Ischemic vascular disease remains the leading cause of mortality in the developed world. Aldosterone (aldo) is a steroid hormone that acts by binding to the mineralocorticoid receptor (MR), a ligand-activated transcription factor, to regulate blood pressure (bp). In clinical trials, aldo antagonists significantly decrease cardiovascular mortality and ischemia out of proportion to modest decreases in systemic bp, supporting that a direct vascular effect of aldo contributes to the protective role of aldo antagonists in ischemic cardiovascular disease. We recently discovered that MR is expressed and regulates gene transcription programs in human vascular smooth muscle cells (VSMC) and endothelial cells. In animal models of vascular injury and atherosclerosis, aldo infusion increases vascular remodeling and atherosclerosis. We now have preliminary data demonstrating that direct activation of MR in the aorta induces expression of the pro-atherosclerotic gene, placental growth factor (PlGF), and that genetic deficiency of PlGF in mice inhibits aldo-stimulated vascular injury suggesting that PlGF may play a role in the mechanism of aldo-mediated vascular disease. PlGF is a secreted peptide member of the vascular endothelial growth factor family and is known to promote vascular cell proliferation, monocyte chemotaxis, and inflammation by binding to the transmembrane receptor, fms-like tyrosine kinase (Flt-1). PlGF has been implicated in atherosclerosis and adverse ischemic events in animal models and in humans. In this proposal, we test the hypothesis that aldo activation of VSMC MR induces expression of PlGF, which activates Flt-1 receptors to stimulate VSMC proliferation, macrophage recruitment, vascular inflammation, and atherosclerotic plaque formation in vivo. We explore this hypothesis with three specific aims: SA1 uses molecular approaches to investigate the transcriptional regulation of the PlGF gene by vascular MR., SA2 investigates the in vivo role of PlGF in aldo-stimulated vascular injury using a wire-induced carotid injury model in mice, and SA3 investigates the in vivo role of PlGF in aldo-stimulated atherosclerosis in the ApoE knockout model. In these two mouse models, the mechanism by which PlGF mediates aldo-stimulated vascular disease will be explored by comparing mice genetically deficient in PlGF, mice with inducible VSMC-specific MR deletion, and mice overexpressing soluble Flt-1 receptors to block PlGF signaling. The in vivo role of PlGF transcriptional-regulatory pathways in aldo-stimulated injury and atherosclerosis will also be investigated using chromatin immunoprecipitation in vessels from these mouse models. A better understanding of the role of vascular MR induction of PlGF in vascular remodeling and atherosclerosis will help elucidate mechanisms underlying the vascular protective effects of aldo-antagonist drugs in cardiovascular patients and will explore the potential of PlGF and its signaling pathway as new drug targets to prevent cardiovascular ischemic events in humans.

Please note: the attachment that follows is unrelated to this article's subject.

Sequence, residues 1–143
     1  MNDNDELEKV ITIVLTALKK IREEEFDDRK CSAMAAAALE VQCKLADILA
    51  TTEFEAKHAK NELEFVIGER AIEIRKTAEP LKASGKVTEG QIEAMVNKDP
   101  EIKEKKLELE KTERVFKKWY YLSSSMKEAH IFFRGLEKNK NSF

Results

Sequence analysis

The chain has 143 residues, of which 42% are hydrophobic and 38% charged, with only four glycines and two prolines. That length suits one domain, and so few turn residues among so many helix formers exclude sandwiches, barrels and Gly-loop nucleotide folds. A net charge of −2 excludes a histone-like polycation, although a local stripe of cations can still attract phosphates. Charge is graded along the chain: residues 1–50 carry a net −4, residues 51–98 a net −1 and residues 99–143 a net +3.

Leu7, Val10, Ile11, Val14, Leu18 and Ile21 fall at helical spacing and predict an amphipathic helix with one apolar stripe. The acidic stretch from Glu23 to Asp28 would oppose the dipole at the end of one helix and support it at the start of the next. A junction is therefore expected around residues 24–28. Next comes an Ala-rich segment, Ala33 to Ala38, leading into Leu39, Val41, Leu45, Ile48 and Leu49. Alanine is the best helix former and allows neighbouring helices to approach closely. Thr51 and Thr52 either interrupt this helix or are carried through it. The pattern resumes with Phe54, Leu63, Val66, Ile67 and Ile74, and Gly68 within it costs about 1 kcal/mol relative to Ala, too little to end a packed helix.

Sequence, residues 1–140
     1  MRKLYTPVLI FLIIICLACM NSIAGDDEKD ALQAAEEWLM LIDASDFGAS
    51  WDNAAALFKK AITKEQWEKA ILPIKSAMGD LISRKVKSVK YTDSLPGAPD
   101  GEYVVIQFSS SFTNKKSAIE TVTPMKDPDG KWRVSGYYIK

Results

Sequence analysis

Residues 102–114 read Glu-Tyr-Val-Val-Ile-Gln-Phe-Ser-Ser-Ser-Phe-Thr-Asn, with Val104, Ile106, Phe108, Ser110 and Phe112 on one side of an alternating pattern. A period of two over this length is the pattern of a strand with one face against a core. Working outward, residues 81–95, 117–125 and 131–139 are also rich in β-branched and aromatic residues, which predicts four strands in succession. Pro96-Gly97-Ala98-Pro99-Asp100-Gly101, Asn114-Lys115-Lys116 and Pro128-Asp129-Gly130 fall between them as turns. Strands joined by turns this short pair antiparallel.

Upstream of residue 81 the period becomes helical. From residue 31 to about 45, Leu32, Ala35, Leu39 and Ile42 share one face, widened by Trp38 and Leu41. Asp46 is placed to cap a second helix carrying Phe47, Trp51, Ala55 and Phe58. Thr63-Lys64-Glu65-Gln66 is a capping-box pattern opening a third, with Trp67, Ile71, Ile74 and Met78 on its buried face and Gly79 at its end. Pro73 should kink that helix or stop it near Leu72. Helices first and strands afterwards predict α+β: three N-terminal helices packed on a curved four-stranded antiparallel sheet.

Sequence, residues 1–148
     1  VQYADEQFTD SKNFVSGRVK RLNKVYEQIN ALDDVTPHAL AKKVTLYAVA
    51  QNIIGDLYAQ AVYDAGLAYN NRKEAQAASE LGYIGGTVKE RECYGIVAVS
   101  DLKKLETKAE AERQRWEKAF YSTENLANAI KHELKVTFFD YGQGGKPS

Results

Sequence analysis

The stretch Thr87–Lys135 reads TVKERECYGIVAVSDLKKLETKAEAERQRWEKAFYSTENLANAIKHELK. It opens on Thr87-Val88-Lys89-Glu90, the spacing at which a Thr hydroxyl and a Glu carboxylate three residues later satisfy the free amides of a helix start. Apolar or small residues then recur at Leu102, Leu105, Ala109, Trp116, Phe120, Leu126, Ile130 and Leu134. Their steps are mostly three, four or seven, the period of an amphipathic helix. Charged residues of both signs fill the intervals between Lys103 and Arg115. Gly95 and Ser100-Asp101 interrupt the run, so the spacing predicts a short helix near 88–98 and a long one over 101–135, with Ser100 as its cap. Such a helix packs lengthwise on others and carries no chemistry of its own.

Despite recent advances in our understanding of the pathophysiology of atherosclerosis, cardiovascular ischemia remains the leading cause of death in the developed world. Clinical studies demonstrate that drugs that inhibit binding of the blood pressure-regulating hormone aldosterone to the mineralocorticoid receptor prevent ischemic events by unknown mechanisms. The overall goal of this proposal is to identify the genes that are regulated by mineralocorticoid receptors in the blood vessel and to explore the role of these genes in promoting vascular disease in order to identify new therapeutic targets to prevent and treat ischemic cardiovascular diseases.
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